FRANKFURT, Germany -- Global stock markets opened a risk-filled New Year still hung over from a rough 2011, with little direction to trading and many exchanges closed.
Germany's DAX, which fell 14.7 percent last year, rose 1.4 percent Monday to 5981.79, while the French CAC-40, which ended 2011 17 percent lower, climbed 0.6 percent to 3,179.17. Stocks fell in South Korea and closed flat in Taiwan.
Trading was light with the New York, London and most Asian stock exchanges closed.
Germany steelmaker ThyssenKrupp led German shares higher with a gain of 3.9 percent and insurer Allianz SE rose 3.1 percent.
Many of the world's leading indexes are coming off a down year. Britain's FTSE was off 5.6 percent by year end, Japan's Nikkei fell 17 percent to its lowest close since 1982, and the Standard & Poor's 500 showed zero gain.
Data releases later in the week such as eurozone inflation on Wednesday and German factory orders and U.S. non-farm payrolls on Friday will give traders more grist.
For the moment, there was little to propel markets ahead of new market data later in the week, as well as major hurdles for eurozone leaders to surmount in the first few weeks of the year in their attempt to get control of the shared currency zone's government debt woes that threaten to harm the global economy with another financial meltdown.
Much of the attention in coming weeks will center on Italy, the eurozone's third-largest economy and the focal point of the eurozone's struggle to deal with a crisis caused by heavy levels of government debt. Fears of default on those debts mean that bond investors demand ever-higher interest, making it a challenge for the new government of Prime Minister Mario Monti to roll over euro53 billion ($69 billion) in debt maturing in the first quarter. If a country can no longer borrow affordably to pay off bonds that are maturing, it faces eventual default or a bailout.
Debt woes may be compounded by at least a mild recession over the last quarter of 2011 and the first part of 2012.
A survey of European purchasing managers sounded a downbeat note about the economy, showing activity in the manufacturing sector contracting for a fifth straight month in December. The manufacturing PMIs indicate that eurozone industry are "finding life extremely challenging," said Howard Archer at IHT Global Insight, which predicts a 0.4 percent shrinkage in the eurozone economy when fourth quarter figures come out next month.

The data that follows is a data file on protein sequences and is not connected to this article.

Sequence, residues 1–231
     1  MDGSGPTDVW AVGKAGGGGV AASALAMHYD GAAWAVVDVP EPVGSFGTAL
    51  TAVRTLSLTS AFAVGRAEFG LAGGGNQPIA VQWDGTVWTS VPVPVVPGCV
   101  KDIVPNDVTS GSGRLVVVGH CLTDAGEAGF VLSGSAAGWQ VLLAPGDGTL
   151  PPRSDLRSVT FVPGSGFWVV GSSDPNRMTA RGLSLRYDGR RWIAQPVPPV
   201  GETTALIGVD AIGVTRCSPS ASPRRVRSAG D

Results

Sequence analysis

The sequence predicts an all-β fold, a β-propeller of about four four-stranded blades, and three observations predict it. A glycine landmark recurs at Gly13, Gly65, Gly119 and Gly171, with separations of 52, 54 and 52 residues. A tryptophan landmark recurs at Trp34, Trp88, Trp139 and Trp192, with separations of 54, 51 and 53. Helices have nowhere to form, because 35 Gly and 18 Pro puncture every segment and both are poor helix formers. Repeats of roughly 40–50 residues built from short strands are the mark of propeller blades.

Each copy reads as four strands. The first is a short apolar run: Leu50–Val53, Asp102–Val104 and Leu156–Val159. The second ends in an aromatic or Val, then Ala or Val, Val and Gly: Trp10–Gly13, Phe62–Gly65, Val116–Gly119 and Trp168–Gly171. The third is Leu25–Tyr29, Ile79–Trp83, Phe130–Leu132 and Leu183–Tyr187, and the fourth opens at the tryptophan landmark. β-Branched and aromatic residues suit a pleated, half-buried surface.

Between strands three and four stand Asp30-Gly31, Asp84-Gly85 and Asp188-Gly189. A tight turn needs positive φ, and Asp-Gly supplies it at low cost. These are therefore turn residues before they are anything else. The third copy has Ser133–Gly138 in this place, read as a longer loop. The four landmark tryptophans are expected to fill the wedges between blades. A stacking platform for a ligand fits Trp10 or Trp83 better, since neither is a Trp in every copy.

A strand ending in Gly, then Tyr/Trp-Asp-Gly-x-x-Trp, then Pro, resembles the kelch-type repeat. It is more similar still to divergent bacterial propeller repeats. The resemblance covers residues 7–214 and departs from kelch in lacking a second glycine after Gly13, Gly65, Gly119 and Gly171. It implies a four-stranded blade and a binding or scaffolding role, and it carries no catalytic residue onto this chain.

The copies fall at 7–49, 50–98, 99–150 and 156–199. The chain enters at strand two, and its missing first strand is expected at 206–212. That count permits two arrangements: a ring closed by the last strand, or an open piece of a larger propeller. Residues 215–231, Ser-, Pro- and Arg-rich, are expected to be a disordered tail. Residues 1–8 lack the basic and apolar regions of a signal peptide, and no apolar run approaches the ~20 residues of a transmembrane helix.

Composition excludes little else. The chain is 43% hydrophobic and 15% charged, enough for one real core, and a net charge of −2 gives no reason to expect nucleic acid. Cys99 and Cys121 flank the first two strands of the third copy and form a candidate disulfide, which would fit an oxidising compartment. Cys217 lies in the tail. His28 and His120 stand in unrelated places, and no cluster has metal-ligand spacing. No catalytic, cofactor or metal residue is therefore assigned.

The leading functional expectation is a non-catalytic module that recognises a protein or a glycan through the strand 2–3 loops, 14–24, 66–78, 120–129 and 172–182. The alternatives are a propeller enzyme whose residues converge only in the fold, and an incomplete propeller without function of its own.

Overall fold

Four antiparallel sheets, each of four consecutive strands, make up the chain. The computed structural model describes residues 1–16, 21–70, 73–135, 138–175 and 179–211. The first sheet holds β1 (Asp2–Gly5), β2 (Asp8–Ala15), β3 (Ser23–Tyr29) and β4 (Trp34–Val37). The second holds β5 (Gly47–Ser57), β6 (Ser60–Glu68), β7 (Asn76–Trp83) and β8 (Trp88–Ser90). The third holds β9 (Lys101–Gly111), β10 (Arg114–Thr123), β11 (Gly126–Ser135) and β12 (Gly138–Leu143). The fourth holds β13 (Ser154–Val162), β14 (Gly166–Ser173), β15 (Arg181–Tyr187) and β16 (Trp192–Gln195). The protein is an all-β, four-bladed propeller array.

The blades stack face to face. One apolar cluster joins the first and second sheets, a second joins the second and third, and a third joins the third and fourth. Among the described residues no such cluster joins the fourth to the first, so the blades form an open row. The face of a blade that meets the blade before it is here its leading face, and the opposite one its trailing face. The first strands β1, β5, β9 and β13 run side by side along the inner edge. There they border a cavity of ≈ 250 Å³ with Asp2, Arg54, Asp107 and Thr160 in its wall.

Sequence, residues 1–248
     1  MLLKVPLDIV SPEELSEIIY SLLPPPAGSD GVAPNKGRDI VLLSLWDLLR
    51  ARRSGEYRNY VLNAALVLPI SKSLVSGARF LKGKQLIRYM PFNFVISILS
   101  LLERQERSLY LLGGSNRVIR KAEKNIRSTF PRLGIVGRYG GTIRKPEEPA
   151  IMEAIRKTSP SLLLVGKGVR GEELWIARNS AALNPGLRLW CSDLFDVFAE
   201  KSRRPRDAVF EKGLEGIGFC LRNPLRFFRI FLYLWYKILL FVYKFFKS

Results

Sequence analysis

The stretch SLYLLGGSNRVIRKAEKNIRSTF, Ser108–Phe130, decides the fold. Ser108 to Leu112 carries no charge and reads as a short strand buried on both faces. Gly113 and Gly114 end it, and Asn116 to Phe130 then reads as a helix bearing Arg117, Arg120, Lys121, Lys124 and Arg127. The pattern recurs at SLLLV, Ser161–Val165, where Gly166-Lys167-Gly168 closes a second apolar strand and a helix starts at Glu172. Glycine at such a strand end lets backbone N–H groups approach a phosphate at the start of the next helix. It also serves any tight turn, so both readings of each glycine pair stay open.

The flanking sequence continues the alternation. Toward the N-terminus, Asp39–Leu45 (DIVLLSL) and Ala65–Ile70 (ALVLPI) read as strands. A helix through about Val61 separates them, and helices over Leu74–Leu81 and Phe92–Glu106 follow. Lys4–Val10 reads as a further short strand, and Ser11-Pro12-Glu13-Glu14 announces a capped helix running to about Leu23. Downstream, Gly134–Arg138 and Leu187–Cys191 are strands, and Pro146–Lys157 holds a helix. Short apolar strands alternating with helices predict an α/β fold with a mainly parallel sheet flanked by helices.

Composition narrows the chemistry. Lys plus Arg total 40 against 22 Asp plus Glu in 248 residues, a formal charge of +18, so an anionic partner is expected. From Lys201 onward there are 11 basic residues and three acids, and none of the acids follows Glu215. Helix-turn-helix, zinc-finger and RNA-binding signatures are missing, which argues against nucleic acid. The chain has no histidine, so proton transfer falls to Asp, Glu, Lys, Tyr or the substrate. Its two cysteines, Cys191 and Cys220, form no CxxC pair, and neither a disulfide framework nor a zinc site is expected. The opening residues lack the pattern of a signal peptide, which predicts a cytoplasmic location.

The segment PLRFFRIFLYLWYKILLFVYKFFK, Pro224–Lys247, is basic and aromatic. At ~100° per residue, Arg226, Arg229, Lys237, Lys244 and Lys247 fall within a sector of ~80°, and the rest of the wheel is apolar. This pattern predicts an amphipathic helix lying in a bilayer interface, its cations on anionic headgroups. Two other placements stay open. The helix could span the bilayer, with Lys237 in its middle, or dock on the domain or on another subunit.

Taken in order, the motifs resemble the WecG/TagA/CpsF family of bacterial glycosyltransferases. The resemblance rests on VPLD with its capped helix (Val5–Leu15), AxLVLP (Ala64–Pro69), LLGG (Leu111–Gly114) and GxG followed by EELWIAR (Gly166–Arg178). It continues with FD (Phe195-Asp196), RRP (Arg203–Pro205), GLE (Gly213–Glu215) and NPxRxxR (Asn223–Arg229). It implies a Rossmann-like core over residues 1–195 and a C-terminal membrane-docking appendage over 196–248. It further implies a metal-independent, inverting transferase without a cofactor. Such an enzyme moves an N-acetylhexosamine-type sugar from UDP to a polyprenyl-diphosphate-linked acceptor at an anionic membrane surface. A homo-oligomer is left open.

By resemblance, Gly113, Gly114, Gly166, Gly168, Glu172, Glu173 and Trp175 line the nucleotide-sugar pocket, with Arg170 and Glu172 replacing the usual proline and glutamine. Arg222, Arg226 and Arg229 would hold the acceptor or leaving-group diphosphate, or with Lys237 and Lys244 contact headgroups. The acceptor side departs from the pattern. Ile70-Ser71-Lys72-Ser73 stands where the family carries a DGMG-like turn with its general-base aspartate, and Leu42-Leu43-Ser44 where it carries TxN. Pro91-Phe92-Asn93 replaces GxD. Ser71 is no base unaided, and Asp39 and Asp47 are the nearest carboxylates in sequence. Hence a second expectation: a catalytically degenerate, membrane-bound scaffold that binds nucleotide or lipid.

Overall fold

In Asia, South Korea's Kospi, which lost 11 percent of its value last year, closed nearly unchanged at 1,826.37. South Korea's tech sector move higher, with Samsung Electronics up 2.1 percent and LG Electronics gaining 2.3 percent. Steel giant POSCO slid 1.1 percent and Korea Electric Power shed 1.8 percent.
Taiwan's TAIEX, which was also open for business Monday, fell 1.7 percent to 6,952.21. Foxconn Technology, the world's biggest contract electronics manufacturer, which makes iPads and iPhones for Apple Inc., fell 0.9 percent. Personal computer maker Acer Inc. shed 2.3 percent.
The Asian-Pacific region's major benchmarks, including Japan's Nikkei 225 index, Hong Kong's Hang Seng Index and Australia's S&P ASX 200, were closed.
Last year was one that traders would prefer to forget: most Asian equity indexes closed out 2011 deeply in the red. The Nikkei in Tokyo ended the year at 8,429.45 -- its lowest closing since 1982.
China's benchmark Shanghai Composite Index, closed Monday, endured a 21 percent loss for the year as the impact of Beijing's multibillion-dollar stimulus faded and the government tightened curbs on lending and investment to cool blistering economic growth.
Hong Kong's Hang Seng Index finished at 18,434.39 -- a precipitous slide of 19.7 percent from a year ago. Singapore's Straits Times Index took a 17.5 percent dive when it closed at 2,646.35 on Friday.
Australia's benchmark S&P ASX 200 ended the year at 4,140.4 -- 14.5 percent lower for 2011.
AP Business Writer Pamela Sampson contributed to this report from Bangkok.